It seems a bit scary, but think of it this way: if you couldn’t walk on your foot because it hurt too much, you’d go to the doctor to get it checked out, wouldn’t you?
Similarly, if you can’t have sex because of pain, you should automatically get it checked out with a doctor.
Luckily, there are other causes of painful intercourse that you can clear up on your own.
Here are a few sex questions that might help you pinpoint the source.
1 Do you think you might have a yeast infection or bladder infection?
If painful sex is accompanied by other symptoms such as painful urination or a yellowish discharge, you should stop having sex immediately and get treatment.
2 Do you think you might be experiencing an allergic reaction?
Perfumed soaps, scented tampons, the latex in condoms, lubes, vaginal douching, even laundry detergent can all cause painful allergic reactions.
3 Are you getting wet enough? Vaginal dryness is one of the major causes of painful sex.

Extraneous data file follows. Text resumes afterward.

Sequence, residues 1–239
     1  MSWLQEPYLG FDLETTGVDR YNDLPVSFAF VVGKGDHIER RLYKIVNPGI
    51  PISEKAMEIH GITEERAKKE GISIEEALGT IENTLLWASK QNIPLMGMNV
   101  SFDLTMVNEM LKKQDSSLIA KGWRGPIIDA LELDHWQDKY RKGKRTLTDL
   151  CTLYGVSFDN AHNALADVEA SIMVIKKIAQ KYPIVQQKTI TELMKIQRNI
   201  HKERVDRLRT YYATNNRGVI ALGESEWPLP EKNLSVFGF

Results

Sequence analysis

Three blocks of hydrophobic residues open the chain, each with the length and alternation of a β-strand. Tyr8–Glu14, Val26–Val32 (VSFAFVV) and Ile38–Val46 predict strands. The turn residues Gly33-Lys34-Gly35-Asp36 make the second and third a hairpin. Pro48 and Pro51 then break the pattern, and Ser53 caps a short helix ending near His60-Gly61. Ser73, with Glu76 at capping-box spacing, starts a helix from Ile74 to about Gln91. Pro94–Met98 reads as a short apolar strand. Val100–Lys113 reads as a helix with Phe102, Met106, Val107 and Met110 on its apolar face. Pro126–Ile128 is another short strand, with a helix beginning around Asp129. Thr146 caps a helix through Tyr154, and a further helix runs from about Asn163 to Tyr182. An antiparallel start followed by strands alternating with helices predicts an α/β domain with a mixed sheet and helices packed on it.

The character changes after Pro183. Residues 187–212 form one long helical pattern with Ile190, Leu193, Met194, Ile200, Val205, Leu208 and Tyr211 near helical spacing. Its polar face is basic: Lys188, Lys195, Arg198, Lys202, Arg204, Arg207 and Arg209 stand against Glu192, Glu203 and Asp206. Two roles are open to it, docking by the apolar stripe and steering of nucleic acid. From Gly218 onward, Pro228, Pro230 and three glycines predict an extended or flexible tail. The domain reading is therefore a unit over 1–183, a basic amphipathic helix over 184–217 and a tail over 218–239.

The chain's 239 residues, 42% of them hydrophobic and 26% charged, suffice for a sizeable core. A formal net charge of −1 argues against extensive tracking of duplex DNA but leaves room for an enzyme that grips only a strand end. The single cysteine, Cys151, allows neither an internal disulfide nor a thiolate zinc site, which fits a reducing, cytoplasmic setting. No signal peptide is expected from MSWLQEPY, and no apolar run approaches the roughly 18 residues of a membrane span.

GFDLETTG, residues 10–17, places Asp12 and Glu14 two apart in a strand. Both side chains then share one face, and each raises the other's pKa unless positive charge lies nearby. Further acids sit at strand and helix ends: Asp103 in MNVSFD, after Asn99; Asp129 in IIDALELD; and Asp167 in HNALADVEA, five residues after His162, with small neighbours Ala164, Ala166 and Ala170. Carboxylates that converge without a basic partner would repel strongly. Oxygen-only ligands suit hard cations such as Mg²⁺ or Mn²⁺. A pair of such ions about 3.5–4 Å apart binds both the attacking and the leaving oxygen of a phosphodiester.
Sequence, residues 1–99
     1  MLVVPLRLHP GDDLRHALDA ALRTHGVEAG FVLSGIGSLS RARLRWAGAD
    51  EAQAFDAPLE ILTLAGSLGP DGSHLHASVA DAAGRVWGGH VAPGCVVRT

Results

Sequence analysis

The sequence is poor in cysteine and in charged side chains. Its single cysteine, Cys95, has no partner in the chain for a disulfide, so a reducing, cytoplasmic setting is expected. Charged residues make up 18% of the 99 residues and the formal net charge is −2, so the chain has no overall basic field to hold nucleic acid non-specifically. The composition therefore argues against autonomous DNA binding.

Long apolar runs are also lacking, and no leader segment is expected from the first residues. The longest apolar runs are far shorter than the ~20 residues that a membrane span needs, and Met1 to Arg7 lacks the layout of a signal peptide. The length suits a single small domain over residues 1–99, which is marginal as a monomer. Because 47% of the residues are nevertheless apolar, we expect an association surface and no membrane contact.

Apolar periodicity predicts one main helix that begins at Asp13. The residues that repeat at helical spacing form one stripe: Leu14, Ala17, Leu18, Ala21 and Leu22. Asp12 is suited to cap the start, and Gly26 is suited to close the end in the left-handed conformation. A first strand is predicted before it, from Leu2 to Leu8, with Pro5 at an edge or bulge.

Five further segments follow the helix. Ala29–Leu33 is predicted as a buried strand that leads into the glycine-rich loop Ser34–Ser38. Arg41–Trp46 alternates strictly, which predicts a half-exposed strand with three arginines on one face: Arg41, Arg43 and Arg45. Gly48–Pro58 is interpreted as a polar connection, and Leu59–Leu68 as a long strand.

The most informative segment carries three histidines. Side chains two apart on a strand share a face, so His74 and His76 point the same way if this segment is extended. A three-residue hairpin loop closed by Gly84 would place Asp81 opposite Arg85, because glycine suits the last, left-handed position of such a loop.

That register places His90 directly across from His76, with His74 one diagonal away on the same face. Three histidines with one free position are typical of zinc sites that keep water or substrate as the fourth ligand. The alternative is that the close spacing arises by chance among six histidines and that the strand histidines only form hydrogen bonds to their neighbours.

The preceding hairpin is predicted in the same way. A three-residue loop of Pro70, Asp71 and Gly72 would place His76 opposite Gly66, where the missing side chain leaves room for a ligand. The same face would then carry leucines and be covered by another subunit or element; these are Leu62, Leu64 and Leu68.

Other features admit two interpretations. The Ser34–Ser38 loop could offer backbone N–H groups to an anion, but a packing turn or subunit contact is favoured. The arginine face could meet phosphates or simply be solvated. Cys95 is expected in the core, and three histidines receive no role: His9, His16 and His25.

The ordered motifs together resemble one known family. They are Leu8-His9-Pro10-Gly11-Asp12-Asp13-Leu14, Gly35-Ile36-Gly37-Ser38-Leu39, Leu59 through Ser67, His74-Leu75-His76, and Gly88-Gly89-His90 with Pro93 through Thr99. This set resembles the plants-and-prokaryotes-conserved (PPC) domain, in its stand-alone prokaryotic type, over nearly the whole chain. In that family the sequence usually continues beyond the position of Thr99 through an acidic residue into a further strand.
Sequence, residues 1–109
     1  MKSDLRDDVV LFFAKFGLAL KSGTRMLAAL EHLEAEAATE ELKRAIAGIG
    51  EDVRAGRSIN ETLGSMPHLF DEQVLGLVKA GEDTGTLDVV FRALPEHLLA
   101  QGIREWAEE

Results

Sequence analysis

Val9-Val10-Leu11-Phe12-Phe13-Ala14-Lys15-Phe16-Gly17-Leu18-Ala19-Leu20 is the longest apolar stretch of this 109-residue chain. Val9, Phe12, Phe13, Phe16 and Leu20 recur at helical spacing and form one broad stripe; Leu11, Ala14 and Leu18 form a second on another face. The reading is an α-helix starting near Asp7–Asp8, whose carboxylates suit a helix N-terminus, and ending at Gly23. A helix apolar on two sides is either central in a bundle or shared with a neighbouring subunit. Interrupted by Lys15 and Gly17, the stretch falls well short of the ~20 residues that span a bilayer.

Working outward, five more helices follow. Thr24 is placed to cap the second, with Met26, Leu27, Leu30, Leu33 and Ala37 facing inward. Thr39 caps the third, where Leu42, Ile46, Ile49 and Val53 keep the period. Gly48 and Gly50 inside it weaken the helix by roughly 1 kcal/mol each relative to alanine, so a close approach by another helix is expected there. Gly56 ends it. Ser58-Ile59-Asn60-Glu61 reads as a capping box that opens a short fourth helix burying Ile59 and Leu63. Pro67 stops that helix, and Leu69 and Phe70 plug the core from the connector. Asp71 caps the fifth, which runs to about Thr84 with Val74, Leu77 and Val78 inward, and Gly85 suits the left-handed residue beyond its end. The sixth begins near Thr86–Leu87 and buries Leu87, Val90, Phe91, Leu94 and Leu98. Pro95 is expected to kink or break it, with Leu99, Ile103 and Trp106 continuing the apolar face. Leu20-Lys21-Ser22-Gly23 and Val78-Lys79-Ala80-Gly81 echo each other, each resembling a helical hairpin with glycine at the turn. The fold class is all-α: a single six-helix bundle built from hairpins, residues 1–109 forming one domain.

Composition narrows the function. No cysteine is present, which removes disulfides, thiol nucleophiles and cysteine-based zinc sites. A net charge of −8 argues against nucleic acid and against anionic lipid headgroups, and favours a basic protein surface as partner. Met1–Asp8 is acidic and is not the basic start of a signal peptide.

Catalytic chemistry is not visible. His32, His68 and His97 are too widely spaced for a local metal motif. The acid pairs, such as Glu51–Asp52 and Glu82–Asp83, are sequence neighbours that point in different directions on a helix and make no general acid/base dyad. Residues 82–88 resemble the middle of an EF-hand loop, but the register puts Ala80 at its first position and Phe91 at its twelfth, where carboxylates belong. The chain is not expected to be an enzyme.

It can be caused by a number of different reasons: feeling nervous or tense, certain medications, menopause, using a condom without adding extra lubrication such as K-Y Jelly, dehydration, or simply not being aroused enough.
Ask your boyfriend to perform oral sex on you before attempting penetration and see if that fixes the problem.
I shouldn’t need to tell you that you should see a doctor immediately if you’re experiencing any bleeding during sex.
#4. Sex Question - What If He Wants to Try Something that Makes You Uncomfortable?
Question: “I recently started dating this guy that I really like, we’re totally into one another and I’m really hoping this leads somewhere.